Not only our inter-personal interactions, but daily life itself has changed. Many of us were forced to slow down completely, initially living in isolation from family, friends, and coworkers. You could argue this was strange and debilitating for some. In a culture that is finally starting to promote mental health awareness, now more than ever, we must properly care for our mental well-being. Living in this bubble, has forced many to slow-down. Slowing down has surely resulted in more puzzles built, cookies baked, dogs adopted, movies watched, and let’s face it, babies made. Slowing down, was possibly a signal for some to re-evaluate their habits and behaviors in a world that is less than gracious for offering consistent opportunities to reflect.

Our work styles, shopping habits, eating patterns, media consumption, etc. has equally been impacted. You name it, it’s likely changed, and while some of us are readily eager for change and effortlessly prepared to adapt, others, especially those with anxiety, have to thoughtfully re-map out their new norm, only for it to be disrupted again by the latest news, trends, and guidelines.

In the theme of mental health, it is growing harder to keep yourself educated while trying not to also consistently overwhelm your mind with heavy topics –  just to name a few: the pandemic, the election, social justice… the list goes on and the news is everywhere. You likely can’t escape the news altogether, but just like anything else, over-consumption will lead to poor health. I’m not suggesting limiting your exposure because we must stay informed but allow yourself the permission to “un-plug”.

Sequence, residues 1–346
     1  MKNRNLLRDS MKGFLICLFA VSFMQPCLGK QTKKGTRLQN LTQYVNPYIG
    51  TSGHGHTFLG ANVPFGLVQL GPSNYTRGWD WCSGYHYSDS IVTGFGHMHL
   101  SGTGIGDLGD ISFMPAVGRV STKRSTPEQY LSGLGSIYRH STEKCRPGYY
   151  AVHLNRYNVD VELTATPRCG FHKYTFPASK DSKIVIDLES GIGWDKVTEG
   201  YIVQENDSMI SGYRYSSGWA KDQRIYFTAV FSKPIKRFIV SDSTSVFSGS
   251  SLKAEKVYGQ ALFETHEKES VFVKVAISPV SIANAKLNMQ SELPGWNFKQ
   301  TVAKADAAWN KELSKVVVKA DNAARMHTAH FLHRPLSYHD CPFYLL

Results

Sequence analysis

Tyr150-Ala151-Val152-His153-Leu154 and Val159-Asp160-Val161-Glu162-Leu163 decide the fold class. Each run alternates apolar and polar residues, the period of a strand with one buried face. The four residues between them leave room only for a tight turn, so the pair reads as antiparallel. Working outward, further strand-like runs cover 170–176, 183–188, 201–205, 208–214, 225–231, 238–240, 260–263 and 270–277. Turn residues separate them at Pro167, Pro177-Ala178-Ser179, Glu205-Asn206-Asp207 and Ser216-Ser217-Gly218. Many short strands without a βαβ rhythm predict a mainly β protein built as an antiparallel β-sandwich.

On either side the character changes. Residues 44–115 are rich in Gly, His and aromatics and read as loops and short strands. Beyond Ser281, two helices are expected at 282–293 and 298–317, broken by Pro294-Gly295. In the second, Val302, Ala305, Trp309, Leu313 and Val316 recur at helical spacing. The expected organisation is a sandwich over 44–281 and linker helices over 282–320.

This year has proven that nothing is certain, and change is constant. But wasn’t that how it was before 2020? I can’t help but wonder, how much are we really in control? How much are we prepared for – are we considered equipped for another pandemic? Further, are we prepared to pivot from prior plans?

And when damage occurs, can we ever expect to return to “normal”? For example, when you get in a car accident, you can repair your car, but it will never be the same – it loses value and is often not desired the same way ever again. When a relationship falls apart due to infidelity, can it be fully restored, or will there always be cracks of deceit?

Just like the car or the relationship analogies, once the damage is done, a part of it will always exist – sometimes it will be hard to identify, but nevertheless it lingers. You can repair, fix, try again and again but the secondary version of that outcome will forever be altered.

Does the same hold true with our world? The world has been damaged time and time again – through war, depression, and conflict. The damage our universe endures subsequently re-shapes culture in significant ways – both positive and negative. It’s inevitable this pandemic has forced everyone to re-evaluate ways of live.

In order to move ahead and adapt, we will be required to listen to one another. The type of listening that requires intentional effort, without simultaneously formulating your next rebuttal in your head. We’ll be forced to be uncomfortable and to sacrifice, just like generations before us have been forced to do. We’ll have to adjust to a “new normal” or perhaps no normal at all.

One thing is for certain – life doesn’t have to be perfect to still be wonderful.